Nothing better illustrates the theological poverty of Judaism (and its purposefulness) than its doctrine (lack of doctrine) of the afterlife. Here is the Torah’s teaching on the subject as summarized by another respected scholar, Rabbi Dr. Isidore Epstein:

Promises of reward, primarily temporal and national, are made for obedience, as part of the divine justice which is to distribute to each according to his deserts. No specific mention is made of reward and punishment after death.…Scripture…found it necessary to cast a veil over the whole question of survival beyond the grave, in order to wean people away from the idolatrous cult of the dead with which this belief was at that time associated.

Once again, the pagan temptation is dispositive. No doctrine of the soul’s survival, lest possessing one the Jews are befouled by the superstitions of the unclean and go whoring after foreign gods.

 

My own reading of the Old Testament is only slightly more consoling. Job’s nihilism, certainly, is complete: “man dieth, and wasteth away: yea, man giveth up the ghost, and where is he? As the waters fail from the sea, and the flood decayeth and drieth up; So man lieth down and riseth not….” Throughout Isaiah, Ezekiel, the sapiential literature, and especially Psalms, there are references to Sheol as the abode of departed spirits. But Sheol is exactly like Achilles’ Hades: a place of strengthless wraiths and shadows. “In death there is no remembrance of you; in Sheol, who can give you praise?” “Whatever your hand finds to do, do it with your might, for there is no work or thought or knowledge or wisdom in Sheol…”

Rather than in a metaphysical heaven or hell, Jewish eschatological hopes have been invested in the myth of the Kingdom of God, to be ushered in by the coming of the Messiah. But once again, the Kingdom is unambiguously terrestrial and political in conception. It is to be preceded by the General Resurrection (in the body, of course) and the Judgment wherein, depending on God’s sectarian temperature, either all of the nations or those of the nations who still deny the One God are to be eternally damned. For the people of Israel, the Kingdom is to be raised here on earth, by human hands, as a monument to Judaism’s faith in the ultimate perfectability of mankind. The Messiah, accordingly, will be neither a god nor demi-god, but a political leader (on the Mosaic-Davidic model) who will repatriate Israel to her ancient homeland, and through her ingathering and elevation to the former glory of the Davidic golden age, bring about the moral and spiritual reclamation of all of humankind. Thereafter, the One True God will be worshiped and the One True Religion observed by all the nations of the world. Then, the divine purpose of the God of History will be fulfilled.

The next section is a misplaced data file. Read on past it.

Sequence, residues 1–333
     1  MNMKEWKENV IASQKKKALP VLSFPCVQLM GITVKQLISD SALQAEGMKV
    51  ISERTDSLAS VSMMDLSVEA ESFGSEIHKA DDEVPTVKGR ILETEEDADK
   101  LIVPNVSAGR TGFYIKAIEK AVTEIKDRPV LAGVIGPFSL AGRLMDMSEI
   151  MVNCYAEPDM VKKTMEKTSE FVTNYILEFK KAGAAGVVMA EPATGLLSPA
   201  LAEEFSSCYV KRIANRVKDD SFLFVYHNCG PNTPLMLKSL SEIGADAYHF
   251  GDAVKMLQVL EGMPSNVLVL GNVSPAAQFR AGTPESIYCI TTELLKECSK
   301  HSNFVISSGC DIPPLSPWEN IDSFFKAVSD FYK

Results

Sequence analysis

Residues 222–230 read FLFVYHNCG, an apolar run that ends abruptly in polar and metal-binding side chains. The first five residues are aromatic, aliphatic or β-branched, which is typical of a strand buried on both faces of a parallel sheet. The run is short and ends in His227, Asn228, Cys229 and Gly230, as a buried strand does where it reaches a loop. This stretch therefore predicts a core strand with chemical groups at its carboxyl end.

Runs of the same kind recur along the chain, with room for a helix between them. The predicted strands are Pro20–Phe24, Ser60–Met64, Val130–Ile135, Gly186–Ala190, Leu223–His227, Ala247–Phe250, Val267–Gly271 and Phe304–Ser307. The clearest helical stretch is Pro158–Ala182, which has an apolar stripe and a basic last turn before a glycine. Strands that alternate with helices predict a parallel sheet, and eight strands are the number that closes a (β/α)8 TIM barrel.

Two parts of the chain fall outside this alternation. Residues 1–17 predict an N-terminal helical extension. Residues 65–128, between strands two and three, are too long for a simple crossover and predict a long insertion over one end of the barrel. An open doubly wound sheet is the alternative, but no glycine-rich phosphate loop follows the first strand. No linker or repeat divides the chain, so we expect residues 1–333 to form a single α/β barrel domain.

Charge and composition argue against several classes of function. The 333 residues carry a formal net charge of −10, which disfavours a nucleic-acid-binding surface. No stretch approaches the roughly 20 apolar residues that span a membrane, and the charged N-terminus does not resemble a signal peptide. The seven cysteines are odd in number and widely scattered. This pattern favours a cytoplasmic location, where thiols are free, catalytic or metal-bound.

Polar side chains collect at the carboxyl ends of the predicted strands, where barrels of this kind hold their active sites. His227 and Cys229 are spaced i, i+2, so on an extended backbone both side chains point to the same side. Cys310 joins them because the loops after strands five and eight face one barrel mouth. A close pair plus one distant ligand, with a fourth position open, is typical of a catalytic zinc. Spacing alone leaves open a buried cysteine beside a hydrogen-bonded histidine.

Of the Heavenly Kingdom to which the Earthly is a prelude, there is nothing to say. As Rabbi Hiyya bar Abba, quoting Rabbi Johann, writes in the Talmud: “All of the prophecies of consolation and of good things to come delivered by the prophets apply only to the days of the Messiah, but as for the world to come, no eye has even seen, O God, only You have seen.” (Berakhot, 34b)

That the Heavenly Kingdom is but a nebulous afterthought to the establishment of the Kingdom of God on earth demonstrates that even unto the end of time, Judaism is a “faith” whose focus remains determinedly socio-political and this-worldly. Such, as Rabbi Epstein writes, is nothing less than its defining nature:

The kingdom of God, in its terrestrial and social setting, provides the key to the understanding of Judaism in all its varied manifestations, and, indeed, the solution to the riddle of the existence of the Jewish people…No people has suffered more cruelly from ‘man’s inhumanity to man’ than have the Jews, but they have refused to despair…of the world…, and never gave up the belief in man’s ultimate regeneration and perfection. This belief…is a genuine historical tradition, based on the conviction that this is God’s world chosen by Him to become the scene of a divine order wherein goodness and truth are to reign supreme.

And how, again, will this regeneration take place, and what will be the Jews’ role in it?

At the highest the Messiah is but a mortal leader who will be instrumental in fully rehabilitating Israel in its ancient homeland, and through a restored Israel bring about the moral and spiritual regeneration of the whole of humanity.

Israel is thus not the subject but the agent of God’s redemptive activity. She is, as the Prophet calls her, the “light unto the nations”. It is the “nations”, pre-eminently, who are in need of redemption. And this miracle will occur once the Jews have been re-established in the land they had conquered and briefly occupied beginning in the eleventh century B.C.

Leave a Reply

Your email address will not be published. Required fields are marked *